Discovering Your Life’s Purpose (Part 2)

Discovering Your Life’s Purpose (Part 2)

Last week, I shared about how you can find your life’s purpose by going through a personal vision discovery process. If you didn’t get a chance to read that post, you can find it here. It’s a great way to start thinking about this subject.

The question I usually get after talking about personal vision is Why? Why is it important to discover your personal vision?”

I’m going to answer this question with two more questions:

  1. Do you feel fulfilled in your life right now? 
  2. Are people inspired by you consistently?

If you are like me, the answer to that question is not a simple “yes” or “no” answer. It’s more complex. There are some areas where I feel fulfilled and other areas where I don’t. At times I think I inspire or motivate others but there are also moments where I fall short.

So this is the reason it’s important. Your personal vision gives you insight into why: why you don’t consistently feel fulfilled and why you don’t consistently inspire others.

Before I explain more, let me share my personal vision statement: 

To equip leaders to become the best versions of themselves.

 

My purpose in this world is to help people maximize their potential. To help provide them with the tools and resources they need to accomplish their personal and professional goals.

Let’s get back to those questions.

 

Question #1: Do I feel fulfilled in life right now?

Simon Sinek remarks, “Happiness comes from what we do. Fulfillment comes from why we do it.” Your “why” is your personal vision. When you understand your personal vision, you now have the goal or destination of your life. The next step is to create avenues in both your personal and professional life to live out your personal vision

I have found this to be true in my own life. The seasons of life where I am helping others maximize their potential are the seasons where I feel the most fulfilled. And the moments where I don’t feel fulfilled are the ones where the busyness of life gets in the way and I don’t prioritize my personal vision.

The more opportunities you have to live out your personal vision the more fulfilled you will be.

 

Question #2: Do I inspire others consistently?

The reason we struggle to inspire or motivate others is because we are not inspired. You have to inspire yourself before you can inspire others.

Your personal vision serves as the fuel for inspiration

Your goal each day is to live out your personal vision by competing against yourself (not others). Work to become the best version of yourself (not someone else) with the resources that you have been given.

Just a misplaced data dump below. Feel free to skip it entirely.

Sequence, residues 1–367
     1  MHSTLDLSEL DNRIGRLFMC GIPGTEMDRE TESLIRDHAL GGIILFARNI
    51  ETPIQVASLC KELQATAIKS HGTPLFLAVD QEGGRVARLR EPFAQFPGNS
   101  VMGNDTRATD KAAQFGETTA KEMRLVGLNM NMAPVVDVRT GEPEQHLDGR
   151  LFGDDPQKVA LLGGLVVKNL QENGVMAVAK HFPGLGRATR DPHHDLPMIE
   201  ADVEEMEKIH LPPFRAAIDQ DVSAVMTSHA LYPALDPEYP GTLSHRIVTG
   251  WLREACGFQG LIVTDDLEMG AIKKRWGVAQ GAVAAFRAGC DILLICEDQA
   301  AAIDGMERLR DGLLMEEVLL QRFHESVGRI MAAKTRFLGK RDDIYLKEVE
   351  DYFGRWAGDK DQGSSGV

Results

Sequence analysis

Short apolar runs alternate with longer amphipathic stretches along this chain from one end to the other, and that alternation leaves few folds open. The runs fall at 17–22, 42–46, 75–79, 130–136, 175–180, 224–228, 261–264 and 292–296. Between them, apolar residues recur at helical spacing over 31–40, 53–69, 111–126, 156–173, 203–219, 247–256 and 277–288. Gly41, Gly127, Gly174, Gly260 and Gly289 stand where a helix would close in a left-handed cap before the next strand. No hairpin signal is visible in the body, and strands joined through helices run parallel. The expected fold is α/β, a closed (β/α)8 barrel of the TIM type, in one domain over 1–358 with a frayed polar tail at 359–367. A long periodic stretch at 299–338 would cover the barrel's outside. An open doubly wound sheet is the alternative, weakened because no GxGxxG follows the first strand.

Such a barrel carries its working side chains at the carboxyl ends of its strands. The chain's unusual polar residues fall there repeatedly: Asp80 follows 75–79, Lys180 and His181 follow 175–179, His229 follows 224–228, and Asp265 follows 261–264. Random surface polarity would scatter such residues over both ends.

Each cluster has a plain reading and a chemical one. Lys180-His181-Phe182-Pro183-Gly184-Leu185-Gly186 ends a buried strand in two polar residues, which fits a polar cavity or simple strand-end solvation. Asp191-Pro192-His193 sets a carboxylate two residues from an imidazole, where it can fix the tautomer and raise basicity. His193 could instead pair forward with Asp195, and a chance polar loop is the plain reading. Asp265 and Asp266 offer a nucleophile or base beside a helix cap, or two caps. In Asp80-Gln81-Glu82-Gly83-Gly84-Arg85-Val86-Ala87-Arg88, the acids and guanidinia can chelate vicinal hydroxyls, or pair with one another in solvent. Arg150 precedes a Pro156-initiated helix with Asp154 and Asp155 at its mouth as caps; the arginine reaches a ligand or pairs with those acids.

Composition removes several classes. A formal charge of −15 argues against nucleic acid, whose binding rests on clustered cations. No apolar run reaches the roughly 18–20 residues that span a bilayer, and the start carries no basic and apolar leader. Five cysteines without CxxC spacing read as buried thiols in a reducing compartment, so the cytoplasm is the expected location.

When you compete against yourself, it gives you the platform to take the next step which is inspiring others. 

How do you inspire others? You share your personal vision with them and invite them to join you on the journey. This is basically Leadership 101. You inspire and influence others so that they can become the best version of themselves. As Simon Sinek says, “The goal is not simply for you to cross the finish line, but to see how many people you can inspire to run with you.” 

 

Game Plan

  1. How can you live out your personal vision? What are some avenues or areas in your life that will help you accomplish your personal vision?
  2. Who do you need to invite to join you on the journey? Who can you invest in and help them become the best version of themselves?

 

Tweetable Lesson

 

Discovering Your Life’s Purpose (Part 1)

Discovering Your Life’s Purpose (Part 1)

What is your purpose in life? I know that can sound like a very philosophical and maybe even daunting question to ask. 

Or how about if I asked you what success looks like in your personal life? Again, many of us would struggle to answer that because at times it’s hard to know what the scoreboard looks like.

How different would your personal (and maybe even professional) life look if you knew your life’s purpose? 

We all have an innate, unique life vision. This vision transcends our job and gets to the core of our purpose in this life. You don’t create your life vision, you discover it. And the good news is that finding your personal vision is not an esoteric exercise. It’s a very down-to-earth process initiated by asking yourself a few questions. 

 

Question #1:

What are the 5 things I do better than most people?

This question is about your strengths. It’s not about comparing yourself to others but in identifying those natural gifts and skills that you have been given and refined over the years. 

After you take some time to list out your 5 strengths, share them with a family member or close friend to review and provide further insight.